Section III. OPERATING UNDER USUAL CONDITIONS.
The instructions in this section are for personnel who operate the tank and pump unit. How the unit is started and
stopped in normal weather conditions is described.
Before you operate.
Always keep in mind the CAUTIONS and WARNINGS.
Filling 600-Gallon (2271 Liter) Tanks.
if tank and pump unit is mounted on any vehicle other than a 5 ton vehicle,
extreme caution must be taken when filling the tanks to avoid exceeding
cross-country payload limits.
a. Be sure that suction hoses connecting tanks to the pump assembly are properly secured. Ground
pumping assembly before starting to fill the 600-gallon (2271 Liter) tanks.
b. Bonding and grounding procedures areas follows:
DEATH or serious injury may result if proper grounding procedures are not
followed prior to operating the equipment.
(1) Bonding is the process that equalizes the charge on two unlike objects such as an aircraft and a
refueling nozzle. it is done in order to prevent arcing, in the presence of flammable vapors, as the two objects
(a) Extend the grounding cable from the ground reel assembly so the plug (if present) can be
inserted into the vehicle receptacle. Otherwise, attach one of the grounding dips to a bare metal surface of the
receiving vehicle. Attach the remaining dip to the grounding rod. Bond before the dust cap or gas tank cap is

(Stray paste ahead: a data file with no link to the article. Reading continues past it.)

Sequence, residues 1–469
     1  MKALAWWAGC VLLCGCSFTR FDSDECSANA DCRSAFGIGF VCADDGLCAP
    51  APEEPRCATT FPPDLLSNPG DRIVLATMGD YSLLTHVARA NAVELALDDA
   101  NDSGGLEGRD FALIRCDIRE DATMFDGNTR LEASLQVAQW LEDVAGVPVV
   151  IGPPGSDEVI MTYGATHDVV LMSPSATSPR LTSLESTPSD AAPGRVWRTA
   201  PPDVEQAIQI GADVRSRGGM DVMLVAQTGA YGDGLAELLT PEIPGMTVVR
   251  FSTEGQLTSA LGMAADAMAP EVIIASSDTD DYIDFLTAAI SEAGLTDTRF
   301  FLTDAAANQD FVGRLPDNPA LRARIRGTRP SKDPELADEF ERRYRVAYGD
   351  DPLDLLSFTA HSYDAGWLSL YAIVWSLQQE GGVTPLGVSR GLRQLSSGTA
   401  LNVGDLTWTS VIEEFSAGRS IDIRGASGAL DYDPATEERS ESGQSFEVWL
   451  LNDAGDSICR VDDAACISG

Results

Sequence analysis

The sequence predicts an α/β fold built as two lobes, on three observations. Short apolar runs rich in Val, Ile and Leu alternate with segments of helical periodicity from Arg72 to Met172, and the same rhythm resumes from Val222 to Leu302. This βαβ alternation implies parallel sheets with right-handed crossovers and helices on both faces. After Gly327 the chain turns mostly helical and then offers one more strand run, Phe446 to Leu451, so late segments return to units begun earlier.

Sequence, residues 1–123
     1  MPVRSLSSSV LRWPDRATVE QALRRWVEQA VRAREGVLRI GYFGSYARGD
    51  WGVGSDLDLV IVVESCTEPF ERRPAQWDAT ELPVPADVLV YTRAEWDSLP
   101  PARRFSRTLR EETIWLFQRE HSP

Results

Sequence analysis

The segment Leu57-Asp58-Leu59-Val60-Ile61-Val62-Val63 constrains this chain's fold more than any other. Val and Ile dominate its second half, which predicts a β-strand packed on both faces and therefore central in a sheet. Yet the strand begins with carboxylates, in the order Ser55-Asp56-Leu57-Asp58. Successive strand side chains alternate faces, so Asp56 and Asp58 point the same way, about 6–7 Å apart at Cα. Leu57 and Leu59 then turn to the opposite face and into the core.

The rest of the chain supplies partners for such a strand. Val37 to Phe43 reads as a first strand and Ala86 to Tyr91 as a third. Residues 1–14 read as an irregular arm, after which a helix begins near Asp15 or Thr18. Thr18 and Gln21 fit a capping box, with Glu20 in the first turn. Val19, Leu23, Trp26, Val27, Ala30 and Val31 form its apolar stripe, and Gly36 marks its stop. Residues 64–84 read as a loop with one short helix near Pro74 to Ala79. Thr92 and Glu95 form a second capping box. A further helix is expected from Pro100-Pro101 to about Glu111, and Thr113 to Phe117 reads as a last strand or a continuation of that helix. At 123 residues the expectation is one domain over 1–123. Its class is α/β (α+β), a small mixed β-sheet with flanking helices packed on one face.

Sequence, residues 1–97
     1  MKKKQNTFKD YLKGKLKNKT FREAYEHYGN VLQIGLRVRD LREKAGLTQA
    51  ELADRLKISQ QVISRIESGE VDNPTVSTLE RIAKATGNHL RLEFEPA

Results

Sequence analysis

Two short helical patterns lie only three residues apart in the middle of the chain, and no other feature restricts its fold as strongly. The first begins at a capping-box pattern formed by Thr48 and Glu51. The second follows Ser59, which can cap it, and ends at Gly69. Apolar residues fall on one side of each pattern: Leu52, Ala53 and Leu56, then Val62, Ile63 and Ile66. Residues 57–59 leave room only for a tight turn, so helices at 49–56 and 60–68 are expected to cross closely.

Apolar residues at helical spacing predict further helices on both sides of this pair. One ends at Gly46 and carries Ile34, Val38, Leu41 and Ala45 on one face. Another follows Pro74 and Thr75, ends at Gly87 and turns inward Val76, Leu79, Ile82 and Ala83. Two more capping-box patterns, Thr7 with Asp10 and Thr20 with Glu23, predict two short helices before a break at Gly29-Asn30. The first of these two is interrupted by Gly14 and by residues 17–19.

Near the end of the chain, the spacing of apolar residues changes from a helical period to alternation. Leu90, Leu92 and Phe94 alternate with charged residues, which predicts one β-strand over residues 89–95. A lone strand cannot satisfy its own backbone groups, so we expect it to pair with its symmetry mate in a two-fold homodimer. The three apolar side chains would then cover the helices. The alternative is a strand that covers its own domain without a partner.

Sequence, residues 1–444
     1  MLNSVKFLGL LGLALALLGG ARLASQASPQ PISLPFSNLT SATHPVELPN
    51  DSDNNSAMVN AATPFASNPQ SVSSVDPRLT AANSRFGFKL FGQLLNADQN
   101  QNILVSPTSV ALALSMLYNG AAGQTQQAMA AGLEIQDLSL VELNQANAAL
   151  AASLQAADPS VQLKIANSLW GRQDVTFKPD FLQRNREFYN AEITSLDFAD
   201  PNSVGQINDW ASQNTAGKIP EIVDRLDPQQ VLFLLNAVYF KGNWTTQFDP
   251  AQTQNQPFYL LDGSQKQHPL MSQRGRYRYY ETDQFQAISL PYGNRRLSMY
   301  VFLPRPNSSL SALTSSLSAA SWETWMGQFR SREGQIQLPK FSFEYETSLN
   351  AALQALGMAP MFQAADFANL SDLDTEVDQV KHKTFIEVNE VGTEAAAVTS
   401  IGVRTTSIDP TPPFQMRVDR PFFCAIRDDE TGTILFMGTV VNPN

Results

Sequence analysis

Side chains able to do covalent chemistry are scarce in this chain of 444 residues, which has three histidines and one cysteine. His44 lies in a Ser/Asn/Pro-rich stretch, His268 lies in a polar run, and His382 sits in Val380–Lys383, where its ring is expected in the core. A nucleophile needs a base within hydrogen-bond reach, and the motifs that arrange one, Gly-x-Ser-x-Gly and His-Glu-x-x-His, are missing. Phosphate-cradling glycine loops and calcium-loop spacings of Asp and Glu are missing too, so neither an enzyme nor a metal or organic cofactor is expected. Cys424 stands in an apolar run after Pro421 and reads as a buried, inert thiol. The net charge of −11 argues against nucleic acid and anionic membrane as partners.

removed to prevent a spark occurring when fuel vapor is present. Do not disconnect the bond until refueling is
complete and the gas tank cap and nozzle dust cap are replaced.
(2) Grounding of equipment is a means to provide a conductive path into the ground so a static charge
isnt trapped on the surface of the equipment where it could discharge as a spark.
(a) Insert the grounding rod into the soil to the required depth (refer to table 2-2). Drive the rod
into the soil to reach below the permanent ground moisture level.
(b) If the top of the rod is level with the surrounding surface, scoop out an area around the top to
allow attachment of the ground dips to the rod. Attach the dip from the grounding wheel to the exposed
portion of the grounding rod. The refueler and vehicle are now grounded and the refueling process may begin.
Table 2-2. Required Depths for Ground Rods
Type of Soil
Depth of Ground Rod
Coarse ground, cohesionless sands and gravels
Inorganic clay, claying gravels, gravel-sand-
clay, claying sands, sandy clay, gravelly clay,
and silty clay
Silty gravel, gravel-sand-silt, silty sand, sand,
silt, peat, muck, and swamp soil
(3) Methods of Grounding. There is no quick or easy way to test the adequacy of a ground. The testing
procedures (See FM 10-66 Appendix E) are complex and the equipment is bulky and expensive; therefore,
several levels or methods of grounding and bonding are required to meet the various operational needs of the
Army. The three methods/levels are listed in order of preference.